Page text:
I was running late and it was by complete chance that I ran into half of Jaws in post-gig favourite Subway, opposite The Duchess. Stocking up on tea and cheap sandwiches before their support slot for Spector later that night, it was the grounded nature of this band that shone through. Manager Neil leads us past the queue into the venue, having given me the most Brummy of welcomes. But it’s outside on the bitterly cold, concrete slab of a smoking area that we huddle together to discuss their story so far.
Individually they have been pursuing music from as young as ten years of age, but their “first gig was in April at Camden Barfly.” It’s drummer Eddy Geach who takes the lead in recounting their formation, whilst lead singer Connor Schofield, who looks positively knackered, rests on his shoulder, delicately noting how “it’s cold as fook”. Having formed only a month previously, Jaws have, over the past year and half, slowly built themselves into one of the new frontrunners in the ‘Btown’ explosion. When asked whether, like Swim Deep, they were simply floating on the merits of Peace, Alex Hudson explained that originally they “helped us good gigs for the age of the band, but now its all spreading out and we’re pushing ourselves through”. Jaws proved this only too well an hour later as a raptured audience, entranced by their future anthems, chanted the drawling hook to ‘Stay In’. “We always kept up to date with everything”, claims Eddy, and you can tell. They are so on-trend it hurts, both Connor and Alex sporting the baggiest Slazenger hoodies. Their fashion sense is mirrored in the sound on their debut EP, Milkshake. Grungy guitars, chorus effects aplenty, all enveloped by the steady thunder of Jake Cooper on bass, it asserts a stronger sound than most of the new wave of 90s-influenced guitar bands. Jake goes on to pronounce the best analogy of the Btown music scene so far: “no one’s actually from Birmingham…it’s like Birmingham’s the bolognese and everyone else is the spaghetti”.
When probed about when their debut LP might be hitting the shelves, they replied “hopefully by the end of this year, we should have a rough idea what the album will sound like.” Jaws seem to be managing the writing process efficiently for such a young band and avoiding the pressure to rush that initial record. It’s noted that “Connor writes most of the stuff” on what he coins his ‘Fender Jizzmeister’, although “we all add our own little bits to define the song”. For a band that come from a place about as urban and inland as humanly possible in the UK, tracks like ‘Toucan Surf’ are peppered with a sense of coastal escapism and surf rock notions. In answer, lyricist Connor reminisces how “the earlier stuff, I wrote in the summer”, that essence very much conveyed as the lines in ‘Breeze’ washes The Duchess away, amidst waves of chords.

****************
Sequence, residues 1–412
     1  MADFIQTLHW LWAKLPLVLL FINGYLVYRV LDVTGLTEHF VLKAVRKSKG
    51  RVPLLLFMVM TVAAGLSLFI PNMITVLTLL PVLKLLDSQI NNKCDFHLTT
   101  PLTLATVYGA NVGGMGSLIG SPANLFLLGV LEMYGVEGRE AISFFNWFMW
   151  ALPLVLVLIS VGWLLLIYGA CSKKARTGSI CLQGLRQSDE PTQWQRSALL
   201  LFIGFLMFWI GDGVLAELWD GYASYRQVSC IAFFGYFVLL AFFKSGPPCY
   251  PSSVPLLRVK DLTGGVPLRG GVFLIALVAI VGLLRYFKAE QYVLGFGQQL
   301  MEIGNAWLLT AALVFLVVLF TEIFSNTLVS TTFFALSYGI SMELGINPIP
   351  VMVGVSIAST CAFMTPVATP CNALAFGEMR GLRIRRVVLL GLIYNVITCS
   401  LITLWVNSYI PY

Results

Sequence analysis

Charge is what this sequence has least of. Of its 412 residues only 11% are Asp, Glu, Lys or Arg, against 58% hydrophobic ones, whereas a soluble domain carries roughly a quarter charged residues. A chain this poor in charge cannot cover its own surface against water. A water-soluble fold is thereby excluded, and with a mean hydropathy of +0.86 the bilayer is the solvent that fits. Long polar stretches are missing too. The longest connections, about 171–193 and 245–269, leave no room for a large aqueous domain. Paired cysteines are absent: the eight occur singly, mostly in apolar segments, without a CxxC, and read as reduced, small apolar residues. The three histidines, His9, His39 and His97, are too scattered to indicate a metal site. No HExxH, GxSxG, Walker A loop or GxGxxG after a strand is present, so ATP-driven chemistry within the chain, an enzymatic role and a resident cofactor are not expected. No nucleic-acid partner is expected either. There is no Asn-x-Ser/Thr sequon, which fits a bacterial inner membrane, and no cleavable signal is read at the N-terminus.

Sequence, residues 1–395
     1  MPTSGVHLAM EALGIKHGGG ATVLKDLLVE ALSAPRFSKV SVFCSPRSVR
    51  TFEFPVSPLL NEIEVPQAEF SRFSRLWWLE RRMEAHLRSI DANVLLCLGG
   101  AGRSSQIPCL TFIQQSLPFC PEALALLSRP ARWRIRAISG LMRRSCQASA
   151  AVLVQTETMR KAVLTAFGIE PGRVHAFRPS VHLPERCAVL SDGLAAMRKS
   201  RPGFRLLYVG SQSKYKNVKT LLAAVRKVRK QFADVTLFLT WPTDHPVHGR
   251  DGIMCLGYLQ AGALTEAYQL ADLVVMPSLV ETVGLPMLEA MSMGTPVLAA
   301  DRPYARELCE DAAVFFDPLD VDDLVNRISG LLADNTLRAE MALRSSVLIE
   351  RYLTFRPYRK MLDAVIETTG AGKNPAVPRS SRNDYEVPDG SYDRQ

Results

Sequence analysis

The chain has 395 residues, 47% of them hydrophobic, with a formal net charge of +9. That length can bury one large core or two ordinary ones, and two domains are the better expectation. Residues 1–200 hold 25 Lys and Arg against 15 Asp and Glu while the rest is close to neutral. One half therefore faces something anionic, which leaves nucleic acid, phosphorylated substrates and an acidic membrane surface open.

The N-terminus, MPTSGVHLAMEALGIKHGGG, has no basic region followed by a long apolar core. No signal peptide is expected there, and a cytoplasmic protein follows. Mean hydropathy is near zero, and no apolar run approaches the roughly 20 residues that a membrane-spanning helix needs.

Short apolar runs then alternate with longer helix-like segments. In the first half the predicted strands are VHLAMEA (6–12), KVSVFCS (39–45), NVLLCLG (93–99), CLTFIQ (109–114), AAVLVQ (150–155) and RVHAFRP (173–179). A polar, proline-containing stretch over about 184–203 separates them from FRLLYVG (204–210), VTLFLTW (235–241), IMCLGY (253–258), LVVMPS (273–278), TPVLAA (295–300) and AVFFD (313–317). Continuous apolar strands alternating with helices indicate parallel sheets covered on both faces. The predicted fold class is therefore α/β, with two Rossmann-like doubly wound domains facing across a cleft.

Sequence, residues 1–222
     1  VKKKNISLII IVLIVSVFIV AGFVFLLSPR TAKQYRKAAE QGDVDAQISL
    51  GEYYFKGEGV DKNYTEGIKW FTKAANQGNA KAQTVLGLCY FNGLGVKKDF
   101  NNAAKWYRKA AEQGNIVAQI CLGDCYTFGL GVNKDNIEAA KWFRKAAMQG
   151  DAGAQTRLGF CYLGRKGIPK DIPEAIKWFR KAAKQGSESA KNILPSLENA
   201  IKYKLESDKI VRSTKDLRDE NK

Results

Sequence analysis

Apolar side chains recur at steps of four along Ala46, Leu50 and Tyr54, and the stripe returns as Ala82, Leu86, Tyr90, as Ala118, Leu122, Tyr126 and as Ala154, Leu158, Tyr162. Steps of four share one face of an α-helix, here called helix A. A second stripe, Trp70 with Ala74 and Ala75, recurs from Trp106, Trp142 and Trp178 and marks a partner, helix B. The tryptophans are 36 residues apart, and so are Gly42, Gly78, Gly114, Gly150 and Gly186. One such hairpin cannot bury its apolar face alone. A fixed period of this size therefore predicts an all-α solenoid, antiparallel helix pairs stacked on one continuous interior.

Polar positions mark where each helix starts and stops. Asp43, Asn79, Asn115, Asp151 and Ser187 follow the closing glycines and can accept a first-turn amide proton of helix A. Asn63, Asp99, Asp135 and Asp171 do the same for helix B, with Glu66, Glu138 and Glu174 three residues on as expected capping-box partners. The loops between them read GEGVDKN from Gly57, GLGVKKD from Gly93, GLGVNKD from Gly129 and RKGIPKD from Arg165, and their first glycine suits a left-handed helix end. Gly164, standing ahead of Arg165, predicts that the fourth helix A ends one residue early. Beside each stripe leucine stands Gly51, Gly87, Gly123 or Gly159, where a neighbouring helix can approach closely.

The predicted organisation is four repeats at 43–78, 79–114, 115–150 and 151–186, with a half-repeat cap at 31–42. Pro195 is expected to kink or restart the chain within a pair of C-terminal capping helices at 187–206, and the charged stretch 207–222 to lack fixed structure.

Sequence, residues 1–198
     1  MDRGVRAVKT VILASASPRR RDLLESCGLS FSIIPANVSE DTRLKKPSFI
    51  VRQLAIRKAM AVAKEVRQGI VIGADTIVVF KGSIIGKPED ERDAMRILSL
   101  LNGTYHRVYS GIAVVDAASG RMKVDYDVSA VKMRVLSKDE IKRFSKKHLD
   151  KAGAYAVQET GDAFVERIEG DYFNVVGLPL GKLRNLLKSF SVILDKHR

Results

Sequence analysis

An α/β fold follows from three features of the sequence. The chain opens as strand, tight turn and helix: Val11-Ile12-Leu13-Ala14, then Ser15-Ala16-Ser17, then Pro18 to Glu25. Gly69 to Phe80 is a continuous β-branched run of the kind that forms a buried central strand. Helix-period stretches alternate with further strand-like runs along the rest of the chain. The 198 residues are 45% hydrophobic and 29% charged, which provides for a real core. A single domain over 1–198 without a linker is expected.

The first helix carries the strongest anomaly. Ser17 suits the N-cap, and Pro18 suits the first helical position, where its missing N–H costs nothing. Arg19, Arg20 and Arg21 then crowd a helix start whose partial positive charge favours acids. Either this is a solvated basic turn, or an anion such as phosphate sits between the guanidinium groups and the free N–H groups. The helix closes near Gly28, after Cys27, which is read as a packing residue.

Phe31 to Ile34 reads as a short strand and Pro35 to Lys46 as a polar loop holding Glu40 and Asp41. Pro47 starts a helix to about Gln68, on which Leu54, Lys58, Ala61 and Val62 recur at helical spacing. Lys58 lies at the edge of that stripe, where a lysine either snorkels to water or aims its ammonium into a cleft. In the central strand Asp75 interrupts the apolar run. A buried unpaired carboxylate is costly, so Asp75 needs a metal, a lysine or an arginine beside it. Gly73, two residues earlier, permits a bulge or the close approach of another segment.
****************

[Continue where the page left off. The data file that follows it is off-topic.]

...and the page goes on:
As the conversation moves onto recent single ‘Gold’, you get the sense that this is a band still very much uneasy and wary of their own momentum. Currently, there’s no video for the single. Jake tells how “we’ve had a few offers from people who wanted to do it,” but they’re paying the price for shoddy state of the musical economy right now. As ‘Gold’ receives perhaps the greatest cheer of the set, and regular radio play, Jaws still find themselves, “folking poor”. The message that resides most powerfully comes from Alex, “if the money that we got, we just blew on doing shit like videos, we wouldn’t be a band anymore”.
Followed by resounding agreement that the biggest cost of touring from early June until October is petrol – their Birmingham Christmas show standing out amongst their highlights of the past year.
It’s a sad but very real issue, that a group so honest and shocked to have come as far as they have, are hindered by something as anti-music as petrol money. Jaws are about as far away from their own arseholes as you can possibly be. Their whole outlook was epitomised when one girl from the audience yelled ‘I love you Jake’, to which he replies, “Thanks…No one else does.” In their own words “fingers crossed” they make the sound of 2014, they deserve it. And thanks to Eddy for holding my shitty recorder throughout the entire interview.
In other news, Fred Macpherson was as pretentiously twatish as always.